The Business of Iftar

August 11, 2011 by · Leave a Comment 

By Sumayyah Meehan, TMO

iftar tablebwMuslims from around the world forge onward with the Ramadan fast in hopes of being successful this holy month and reaping all the benefits. Year in and year out, the rites of Ramadan remain primarily the same. Fasting, performing the daily and nightly prayers, reciting from the holy Quran and rejoicing in the season are the activities that most Muslims find themselves engaged in during the auspicious occasion.

However, while most things stay the same from one Ramadan to the next, there is one thing that always changes. The Iftar meal, which follows the breaking of the daily fast, is as diverse as the leaves adorning a lush green tree. Muslims in the Middle East, most of which continue to thrive despite the economic turmoil affecting the rest of the world, are renowned for the Iftar spreads offered on their tables. Surplus oil wealth and heavily subsidized governmental social services ensure that cups runneth over and plates are filled to capacity during Ramadan as well as the rest of the year.

Yet Ramadan provides a unique opportunity for savvy businessmen in the region looking to cash in on the Holy Month. And it does not hurt that this Ramadan features a minimum of 14 fasting hours per day and in scorching day time temperatures. Why bother slaving over a hot stove when you can be feted like a king? Hotels and restaurants in wealthy Middle Eastern countries, like Qatar and Kuwait, cater to the fancies of Muslims fasting in Ramadan. Social-networking sites, like Facebook, are utilized to attract fasting Muslims with sleek ads featuring delectable dishes. Print media, such as newspapers and magazines, are also used to advertise sumptuous buffets offering international cuisine as well as local delicacies.

Some of the most sumptuous Iftar buffets can be found in the Dubai Mall located in the municipality of Dubai in the United Arab Emirates. One of the most popular restaurants, Na3Na3, features live cooking stations during Ramadan and the Eid festivities.  Guests dine on traditional Arabic fare and sip freshly prepared beverages that compliment the meal. A traditional ‘Oud’, or Arabic stringed instruments, player keeps everyone entertained during the meal. Al Bahou restaurant, also located in Dubai, offers fasting Muslims a lavish menu featuring roasted lamb and freshly wrapped shwarma sandwiches.

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The Friday Market: New Reality

March 25, 2010 by · Leave a Comment 

By Sumayyah Meehan MMNS

f-mrkt It’s a little known secret that one of the richest countries in the world just so happens to also be a bargain hunter’s paradise. From haggling in local ‘souks’ to bargaining over prices in fancy gold shops, scoring a delectable deal in Kuwait is just around the next corner. However, bargain hunters must be aware of the right time and place to sink their teeth into their next discount. Just as bargain hunters are welcome in certain establishments, they are abhorred in others.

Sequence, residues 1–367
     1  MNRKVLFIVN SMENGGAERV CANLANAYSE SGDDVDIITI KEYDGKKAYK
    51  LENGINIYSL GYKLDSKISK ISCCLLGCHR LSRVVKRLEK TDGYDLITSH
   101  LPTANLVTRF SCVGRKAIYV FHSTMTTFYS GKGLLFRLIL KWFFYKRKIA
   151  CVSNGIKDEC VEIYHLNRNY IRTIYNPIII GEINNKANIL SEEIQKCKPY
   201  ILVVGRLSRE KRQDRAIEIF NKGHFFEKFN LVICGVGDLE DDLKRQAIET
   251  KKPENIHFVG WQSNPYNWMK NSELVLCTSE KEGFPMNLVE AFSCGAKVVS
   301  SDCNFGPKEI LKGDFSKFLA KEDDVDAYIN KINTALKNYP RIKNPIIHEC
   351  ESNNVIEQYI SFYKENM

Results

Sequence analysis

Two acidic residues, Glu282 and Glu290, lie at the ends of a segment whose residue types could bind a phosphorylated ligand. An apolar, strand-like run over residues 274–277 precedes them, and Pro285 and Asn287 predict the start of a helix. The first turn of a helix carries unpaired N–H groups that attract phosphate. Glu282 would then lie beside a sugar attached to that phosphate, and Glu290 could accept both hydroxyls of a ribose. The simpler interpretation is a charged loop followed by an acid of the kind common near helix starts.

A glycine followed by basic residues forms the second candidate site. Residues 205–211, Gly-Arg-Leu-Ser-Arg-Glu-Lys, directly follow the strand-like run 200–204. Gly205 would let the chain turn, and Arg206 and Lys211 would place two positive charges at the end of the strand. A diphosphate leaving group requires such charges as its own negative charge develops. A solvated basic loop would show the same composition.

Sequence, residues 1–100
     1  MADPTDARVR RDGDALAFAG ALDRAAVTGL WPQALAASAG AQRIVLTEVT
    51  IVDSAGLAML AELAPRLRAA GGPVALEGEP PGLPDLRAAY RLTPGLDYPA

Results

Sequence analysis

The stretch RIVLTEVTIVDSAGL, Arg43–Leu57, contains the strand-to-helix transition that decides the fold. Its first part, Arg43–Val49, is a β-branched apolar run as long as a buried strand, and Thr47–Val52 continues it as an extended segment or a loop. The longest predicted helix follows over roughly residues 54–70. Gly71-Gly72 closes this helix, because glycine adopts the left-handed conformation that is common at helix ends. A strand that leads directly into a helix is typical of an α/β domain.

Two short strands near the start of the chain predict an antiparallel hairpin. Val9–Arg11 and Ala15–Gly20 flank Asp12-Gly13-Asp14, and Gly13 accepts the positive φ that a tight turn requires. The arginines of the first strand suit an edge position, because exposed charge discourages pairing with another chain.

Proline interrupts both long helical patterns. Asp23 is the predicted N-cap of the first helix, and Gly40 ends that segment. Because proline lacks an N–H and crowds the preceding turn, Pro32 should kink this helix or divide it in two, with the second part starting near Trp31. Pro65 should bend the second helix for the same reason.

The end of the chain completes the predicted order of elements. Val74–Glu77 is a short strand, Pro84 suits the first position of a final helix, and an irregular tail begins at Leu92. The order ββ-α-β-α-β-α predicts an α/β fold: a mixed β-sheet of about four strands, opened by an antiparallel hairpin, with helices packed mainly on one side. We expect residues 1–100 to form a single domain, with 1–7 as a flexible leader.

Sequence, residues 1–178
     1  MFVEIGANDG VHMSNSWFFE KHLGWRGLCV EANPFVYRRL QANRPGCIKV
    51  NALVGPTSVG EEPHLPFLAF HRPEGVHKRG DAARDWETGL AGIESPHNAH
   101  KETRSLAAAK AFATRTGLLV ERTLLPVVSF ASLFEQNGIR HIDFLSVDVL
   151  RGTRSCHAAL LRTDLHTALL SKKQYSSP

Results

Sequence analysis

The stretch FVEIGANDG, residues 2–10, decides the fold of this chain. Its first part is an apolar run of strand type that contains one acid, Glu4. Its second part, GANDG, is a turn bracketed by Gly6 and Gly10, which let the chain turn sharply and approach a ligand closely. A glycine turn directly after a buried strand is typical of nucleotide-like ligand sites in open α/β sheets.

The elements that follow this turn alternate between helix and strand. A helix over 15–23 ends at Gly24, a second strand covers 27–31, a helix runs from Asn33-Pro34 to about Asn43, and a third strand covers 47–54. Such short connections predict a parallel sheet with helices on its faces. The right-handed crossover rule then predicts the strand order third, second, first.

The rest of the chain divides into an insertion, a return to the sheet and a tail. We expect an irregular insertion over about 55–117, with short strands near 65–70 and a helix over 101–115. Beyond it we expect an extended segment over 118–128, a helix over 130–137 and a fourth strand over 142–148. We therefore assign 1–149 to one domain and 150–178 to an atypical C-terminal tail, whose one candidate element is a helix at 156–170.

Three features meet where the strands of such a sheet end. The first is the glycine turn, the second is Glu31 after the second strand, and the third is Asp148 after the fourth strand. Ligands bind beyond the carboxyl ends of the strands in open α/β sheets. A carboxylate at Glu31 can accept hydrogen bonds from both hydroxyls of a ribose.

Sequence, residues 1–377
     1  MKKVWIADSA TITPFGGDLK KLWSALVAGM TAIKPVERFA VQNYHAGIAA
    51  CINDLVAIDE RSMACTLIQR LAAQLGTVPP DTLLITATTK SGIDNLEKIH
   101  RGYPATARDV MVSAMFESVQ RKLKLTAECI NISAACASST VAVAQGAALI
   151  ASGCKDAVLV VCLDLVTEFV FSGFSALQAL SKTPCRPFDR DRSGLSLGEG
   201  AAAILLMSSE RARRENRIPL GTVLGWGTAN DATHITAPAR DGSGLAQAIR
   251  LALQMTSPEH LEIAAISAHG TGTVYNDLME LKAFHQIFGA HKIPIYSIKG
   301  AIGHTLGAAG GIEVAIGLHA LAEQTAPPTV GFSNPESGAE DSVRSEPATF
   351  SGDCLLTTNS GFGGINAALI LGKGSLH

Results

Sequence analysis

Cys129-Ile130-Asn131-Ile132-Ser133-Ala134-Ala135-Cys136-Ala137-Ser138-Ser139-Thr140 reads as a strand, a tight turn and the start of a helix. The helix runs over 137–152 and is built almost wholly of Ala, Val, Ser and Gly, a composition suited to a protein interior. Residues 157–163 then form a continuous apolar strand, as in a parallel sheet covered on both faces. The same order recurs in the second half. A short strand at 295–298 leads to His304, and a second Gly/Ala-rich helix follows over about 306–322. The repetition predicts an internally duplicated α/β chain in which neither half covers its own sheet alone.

But one place where prices are cheap, and negotiable, is the Friday Market. Piles of used clothes irons mingle with stacks of brand new cooking pots as buyers sort thru both the old and the new. Nothing is off limits as even tattered clothing and worn out shoes are available for anyone wishing to breathe new life into them. Recently renovated, the Friday Market stretches across for miles and is often considered one of the largest open ‘flea markets’ in the entire world. However the downsize of its sheer girth is that it is very time consuming for shoppers to sift through it all just to find a single treasure, plus a trip to the Friday Market often requires a couple of days of rest and tons of bandages on bargain-weary feet. And let’s not forget it only occurs on Fridays, which is enormously inconvenient for those wishing to spend their only day off at the beach.

Sensing a market for both new and used cheap goods, several savvy businessmen have come up with their own versions of the Friday Market online. Call it ‘Ebay-clonesque’ or whatever you will, but thousands of residents in Kuwait are using the power of the Internet to save both time and money. One of the most popular websites in Kuwait for selling new or used goods online is called Mazad, or ‘auction’ in English. With over 5,000 registered users, the site offers a wide array of cyber storefronts offering everything from live animals to used cars to fully furnished apartments.

Interestingly enough, it’s not just the website owners and bargain hunters that are capitalizing on this new thrifty trend. Non-business people are opening up their own storefronts and going into business for themselves. In a recent interview one such seller, Tariq Al-Jady, revealed that his used laptop and cell phone cyber shop can be a fickle business depending on what the customers who visit his storefront are looking for, “Sometimes you get lucky and you find an enthusiastic person who is willing to pay 50% more of the price you bought the phone for, and sometimes you find no one who is interested in the device. It really depends, you have to know what people want but you have to also know how available it is in the market.”

The online flea markets are welcome to bargain hunters in Kuwait, as the peak shopping season typically strikes in the summer months, when temperatures surpass 100 degrees Fahrenheit.  Shopping for a deal in the comfort of a cool air-conditioned home versus sweating it out in the heat of the unforgiving desert sun is very tempting. And that’s what webmasters are banking on as more and more bargain-lovin’ websites are set to launch in Kuwait over the next few months. Now if only someone could translate “One man’s junk is another man’s treasure” into Arabic, the bartering atmosphere in Kuwait would be firmly set.

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